Even though there are plenty of toddler-safe musical mechanisms on the market, the development of Fred Murphy's Fisher-Price records shows how nostalgic today's consumers can be. The UK innovator took on a personal project to produce the old plastic children's turntable vinyls without the 1970s molds. Instead, he opted to make use of one of the most cutting-edge technologies that he could get his hands on, the process of 3-D printing.
Fred Murphy's Fisher-Price records were first successfully manufactured with a CNC mill, but the second challenge was to use much more complex software to sculpt the disks completely on the computer. A program called Visual C# 2010 Express lets you compose and edit your very own simple tune. The notes can then be superimposed and embossed onto the record's rendering in OpenSCAD so that the product can be printed in a variety of materials from an STL file.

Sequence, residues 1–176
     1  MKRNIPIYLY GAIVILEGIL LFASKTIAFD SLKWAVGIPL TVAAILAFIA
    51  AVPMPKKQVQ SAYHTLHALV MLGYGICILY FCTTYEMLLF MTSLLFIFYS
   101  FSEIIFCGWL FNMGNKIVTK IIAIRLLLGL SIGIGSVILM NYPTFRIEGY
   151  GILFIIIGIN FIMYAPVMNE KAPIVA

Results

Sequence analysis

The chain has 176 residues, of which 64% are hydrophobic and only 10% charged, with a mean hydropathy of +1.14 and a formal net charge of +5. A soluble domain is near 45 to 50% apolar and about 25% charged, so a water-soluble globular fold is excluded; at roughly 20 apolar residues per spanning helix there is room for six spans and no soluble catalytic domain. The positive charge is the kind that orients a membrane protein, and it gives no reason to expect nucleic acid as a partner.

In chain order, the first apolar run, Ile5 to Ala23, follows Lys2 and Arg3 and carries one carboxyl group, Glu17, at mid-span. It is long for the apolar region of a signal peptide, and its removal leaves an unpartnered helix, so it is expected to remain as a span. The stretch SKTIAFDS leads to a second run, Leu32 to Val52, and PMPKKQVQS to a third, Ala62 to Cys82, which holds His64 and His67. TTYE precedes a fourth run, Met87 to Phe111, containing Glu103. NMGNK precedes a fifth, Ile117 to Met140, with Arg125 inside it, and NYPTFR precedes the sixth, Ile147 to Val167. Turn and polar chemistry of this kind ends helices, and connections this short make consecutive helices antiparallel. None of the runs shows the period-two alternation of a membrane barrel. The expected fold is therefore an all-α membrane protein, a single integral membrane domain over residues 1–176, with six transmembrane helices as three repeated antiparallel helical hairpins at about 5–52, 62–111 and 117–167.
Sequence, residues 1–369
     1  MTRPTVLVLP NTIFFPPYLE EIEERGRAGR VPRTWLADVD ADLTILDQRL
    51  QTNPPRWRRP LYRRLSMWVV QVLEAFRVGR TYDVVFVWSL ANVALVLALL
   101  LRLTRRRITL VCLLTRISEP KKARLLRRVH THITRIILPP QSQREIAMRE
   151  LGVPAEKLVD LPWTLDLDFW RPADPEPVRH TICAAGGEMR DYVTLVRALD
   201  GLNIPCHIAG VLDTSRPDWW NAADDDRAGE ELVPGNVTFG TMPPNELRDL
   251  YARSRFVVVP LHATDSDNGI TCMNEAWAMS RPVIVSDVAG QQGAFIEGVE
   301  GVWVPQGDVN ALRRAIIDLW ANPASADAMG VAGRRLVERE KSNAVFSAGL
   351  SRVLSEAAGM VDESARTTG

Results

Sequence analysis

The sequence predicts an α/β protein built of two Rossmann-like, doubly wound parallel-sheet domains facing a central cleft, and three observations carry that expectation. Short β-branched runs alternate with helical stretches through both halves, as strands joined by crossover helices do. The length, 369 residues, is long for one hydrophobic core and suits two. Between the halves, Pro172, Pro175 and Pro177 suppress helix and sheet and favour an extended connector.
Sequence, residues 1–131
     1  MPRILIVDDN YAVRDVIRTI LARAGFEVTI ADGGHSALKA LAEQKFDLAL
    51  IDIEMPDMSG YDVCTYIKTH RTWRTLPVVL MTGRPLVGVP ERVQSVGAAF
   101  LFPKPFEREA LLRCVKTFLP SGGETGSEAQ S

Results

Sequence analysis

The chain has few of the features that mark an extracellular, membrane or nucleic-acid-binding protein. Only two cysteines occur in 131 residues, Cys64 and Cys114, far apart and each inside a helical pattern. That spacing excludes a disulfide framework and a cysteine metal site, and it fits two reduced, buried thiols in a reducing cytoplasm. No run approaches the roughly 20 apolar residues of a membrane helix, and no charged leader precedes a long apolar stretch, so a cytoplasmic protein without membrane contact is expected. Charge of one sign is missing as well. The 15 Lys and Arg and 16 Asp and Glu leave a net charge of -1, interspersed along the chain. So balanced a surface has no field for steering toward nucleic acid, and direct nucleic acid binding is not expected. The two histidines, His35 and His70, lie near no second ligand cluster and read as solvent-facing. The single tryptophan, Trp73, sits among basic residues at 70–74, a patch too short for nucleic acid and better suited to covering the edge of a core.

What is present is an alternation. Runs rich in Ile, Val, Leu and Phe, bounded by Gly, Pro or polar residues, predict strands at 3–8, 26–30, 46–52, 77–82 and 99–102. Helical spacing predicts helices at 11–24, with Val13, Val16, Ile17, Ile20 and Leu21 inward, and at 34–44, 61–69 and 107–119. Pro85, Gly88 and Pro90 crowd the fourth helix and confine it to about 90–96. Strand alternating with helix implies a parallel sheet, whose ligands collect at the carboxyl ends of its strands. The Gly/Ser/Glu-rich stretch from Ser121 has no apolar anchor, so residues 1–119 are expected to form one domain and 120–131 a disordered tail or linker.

3D-Printed Plastic Discs
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